I have great respect for those who qualified for the next round of the licensing process. Here are some tips for anyone contemplating taking the test:

  1. Know the Order of Battle, especially infantry and artillery units, certainly down to the brigade level.
  2. Know the placement of units on the battlefield by day and time of day.
  3. Know the monuments and memorials. There are over a thousand of them, so you cannot know them all. However, try to identify the top twenty or thirty and know something of their history, especially the unit or units they were erected to honor. To do this right, you have to spend time on the field. Know who designed the state memorials.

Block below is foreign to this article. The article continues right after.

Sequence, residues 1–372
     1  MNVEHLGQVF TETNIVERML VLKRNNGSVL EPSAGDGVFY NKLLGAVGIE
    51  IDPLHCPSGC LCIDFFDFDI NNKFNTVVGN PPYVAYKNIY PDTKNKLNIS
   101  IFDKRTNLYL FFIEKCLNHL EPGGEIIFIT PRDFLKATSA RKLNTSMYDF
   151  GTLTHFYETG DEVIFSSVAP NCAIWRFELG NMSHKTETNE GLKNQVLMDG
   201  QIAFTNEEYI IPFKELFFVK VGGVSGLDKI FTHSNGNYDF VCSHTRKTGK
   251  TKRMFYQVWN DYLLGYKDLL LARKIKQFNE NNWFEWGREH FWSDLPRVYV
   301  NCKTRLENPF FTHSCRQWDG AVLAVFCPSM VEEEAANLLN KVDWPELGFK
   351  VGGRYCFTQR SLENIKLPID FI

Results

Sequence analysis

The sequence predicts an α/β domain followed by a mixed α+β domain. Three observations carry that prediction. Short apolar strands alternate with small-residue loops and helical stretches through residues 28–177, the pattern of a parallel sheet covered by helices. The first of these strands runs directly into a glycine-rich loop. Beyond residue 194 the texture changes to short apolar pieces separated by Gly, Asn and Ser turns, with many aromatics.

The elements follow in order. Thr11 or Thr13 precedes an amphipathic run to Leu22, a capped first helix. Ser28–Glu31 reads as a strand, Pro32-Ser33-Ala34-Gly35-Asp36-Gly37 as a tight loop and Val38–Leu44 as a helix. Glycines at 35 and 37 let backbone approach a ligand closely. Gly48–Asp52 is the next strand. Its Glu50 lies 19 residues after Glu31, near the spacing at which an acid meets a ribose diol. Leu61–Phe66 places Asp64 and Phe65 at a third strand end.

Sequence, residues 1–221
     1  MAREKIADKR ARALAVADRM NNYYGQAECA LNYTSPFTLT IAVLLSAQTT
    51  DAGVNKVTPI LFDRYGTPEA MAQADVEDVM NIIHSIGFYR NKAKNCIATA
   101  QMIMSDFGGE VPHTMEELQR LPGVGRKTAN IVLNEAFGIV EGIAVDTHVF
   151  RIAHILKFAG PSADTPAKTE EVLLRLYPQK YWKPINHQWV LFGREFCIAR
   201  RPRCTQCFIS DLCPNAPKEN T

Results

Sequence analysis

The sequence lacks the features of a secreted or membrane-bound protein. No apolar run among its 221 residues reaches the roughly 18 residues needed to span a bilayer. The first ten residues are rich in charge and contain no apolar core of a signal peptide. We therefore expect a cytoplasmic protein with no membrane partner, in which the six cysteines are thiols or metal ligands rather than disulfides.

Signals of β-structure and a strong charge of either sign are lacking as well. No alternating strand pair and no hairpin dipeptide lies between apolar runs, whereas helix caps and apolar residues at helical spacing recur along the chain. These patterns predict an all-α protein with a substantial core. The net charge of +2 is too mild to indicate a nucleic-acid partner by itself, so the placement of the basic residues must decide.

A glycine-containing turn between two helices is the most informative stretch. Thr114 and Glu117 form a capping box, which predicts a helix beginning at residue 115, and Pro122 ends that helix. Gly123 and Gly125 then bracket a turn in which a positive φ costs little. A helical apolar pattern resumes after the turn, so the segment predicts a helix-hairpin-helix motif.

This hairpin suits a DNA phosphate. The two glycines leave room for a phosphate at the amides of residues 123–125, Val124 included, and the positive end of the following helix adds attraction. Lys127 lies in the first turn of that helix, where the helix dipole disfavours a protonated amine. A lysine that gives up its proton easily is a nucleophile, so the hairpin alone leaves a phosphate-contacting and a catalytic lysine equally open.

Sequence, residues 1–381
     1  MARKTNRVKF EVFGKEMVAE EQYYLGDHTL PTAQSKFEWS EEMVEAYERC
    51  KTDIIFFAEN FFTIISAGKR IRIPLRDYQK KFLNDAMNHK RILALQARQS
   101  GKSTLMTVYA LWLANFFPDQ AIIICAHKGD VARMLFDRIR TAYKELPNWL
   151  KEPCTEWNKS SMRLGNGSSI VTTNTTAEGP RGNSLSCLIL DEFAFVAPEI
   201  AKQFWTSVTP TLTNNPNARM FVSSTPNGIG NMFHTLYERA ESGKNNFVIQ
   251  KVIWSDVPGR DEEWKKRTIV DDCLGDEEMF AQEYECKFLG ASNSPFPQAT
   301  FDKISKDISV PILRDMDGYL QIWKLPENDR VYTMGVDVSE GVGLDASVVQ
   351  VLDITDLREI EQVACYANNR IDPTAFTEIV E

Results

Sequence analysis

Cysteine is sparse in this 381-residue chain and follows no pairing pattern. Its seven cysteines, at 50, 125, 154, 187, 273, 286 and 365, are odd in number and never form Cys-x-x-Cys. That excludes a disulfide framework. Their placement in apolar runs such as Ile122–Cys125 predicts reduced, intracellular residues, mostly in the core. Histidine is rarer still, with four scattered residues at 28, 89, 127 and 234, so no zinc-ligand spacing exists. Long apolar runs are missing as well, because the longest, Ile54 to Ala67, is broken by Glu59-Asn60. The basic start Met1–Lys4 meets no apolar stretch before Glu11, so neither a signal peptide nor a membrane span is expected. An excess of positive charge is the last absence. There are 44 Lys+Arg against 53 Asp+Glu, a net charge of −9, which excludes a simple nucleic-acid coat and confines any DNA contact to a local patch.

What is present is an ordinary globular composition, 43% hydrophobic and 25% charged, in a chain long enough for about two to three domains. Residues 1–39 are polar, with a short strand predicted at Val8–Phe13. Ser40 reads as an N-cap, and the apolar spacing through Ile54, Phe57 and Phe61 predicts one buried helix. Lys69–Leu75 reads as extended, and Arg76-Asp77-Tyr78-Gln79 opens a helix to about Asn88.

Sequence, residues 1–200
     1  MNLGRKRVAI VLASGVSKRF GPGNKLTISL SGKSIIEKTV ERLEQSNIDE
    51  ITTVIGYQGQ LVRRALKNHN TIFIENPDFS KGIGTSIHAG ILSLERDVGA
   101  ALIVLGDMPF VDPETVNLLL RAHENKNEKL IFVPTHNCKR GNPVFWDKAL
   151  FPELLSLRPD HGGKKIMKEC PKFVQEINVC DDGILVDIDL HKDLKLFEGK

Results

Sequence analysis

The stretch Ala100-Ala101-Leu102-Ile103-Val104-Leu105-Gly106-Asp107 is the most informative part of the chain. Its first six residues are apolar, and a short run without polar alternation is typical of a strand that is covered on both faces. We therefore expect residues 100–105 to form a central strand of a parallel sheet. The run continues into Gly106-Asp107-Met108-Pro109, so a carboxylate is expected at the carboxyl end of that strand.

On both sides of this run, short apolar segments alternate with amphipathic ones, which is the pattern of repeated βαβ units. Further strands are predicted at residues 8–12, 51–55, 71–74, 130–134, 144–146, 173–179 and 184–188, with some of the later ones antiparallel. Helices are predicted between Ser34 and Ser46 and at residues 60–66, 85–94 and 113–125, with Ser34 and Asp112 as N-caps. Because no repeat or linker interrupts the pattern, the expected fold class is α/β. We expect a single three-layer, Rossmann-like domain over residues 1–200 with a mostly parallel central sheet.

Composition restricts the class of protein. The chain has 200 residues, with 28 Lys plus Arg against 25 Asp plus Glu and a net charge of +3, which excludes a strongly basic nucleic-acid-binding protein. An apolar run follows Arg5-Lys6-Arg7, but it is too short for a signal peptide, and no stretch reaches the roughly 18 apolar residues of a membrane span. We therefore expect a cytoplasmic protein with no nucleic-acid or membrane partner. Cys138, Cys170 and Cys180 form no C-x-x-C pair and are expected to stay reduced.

4. Be able to identify the regiments of the more famous brigades, e.g. Irish Brigade, Iron Brigade, Texas Brigade. And their commanders.
  5. Know the insignia of all the Union corps.
  6. Be familiar with Reconstruction. Many Civil War enthusiasts have no interest in anything that happened after April, 1865. However, a lot did.
  7. There is a big difference between reading for pleasure and studying. Most of us read Civil War books for pleasure. You must read them as though it is high school or college again and your graduation depends upon how much you can recall.
  8. Know the difference between a Napoleon and a Parrot. Expect questions that test basic knowledge of Civil War weaponry.
  9. Know the geography of the Gettysburg region, the area outside the immediate battlefield but part of it: Taneytown, Carlisle, Cashtown, Mummasburg, et al.
  10. Visit the battlefield as often as you can. There is always something to learn.

The next test date is tentatively scheduled for the first weekend in December, 2010. I plan to be there.

Civil War Trust Lauds Transfer of Gettysburg Country Club Site to National Park Service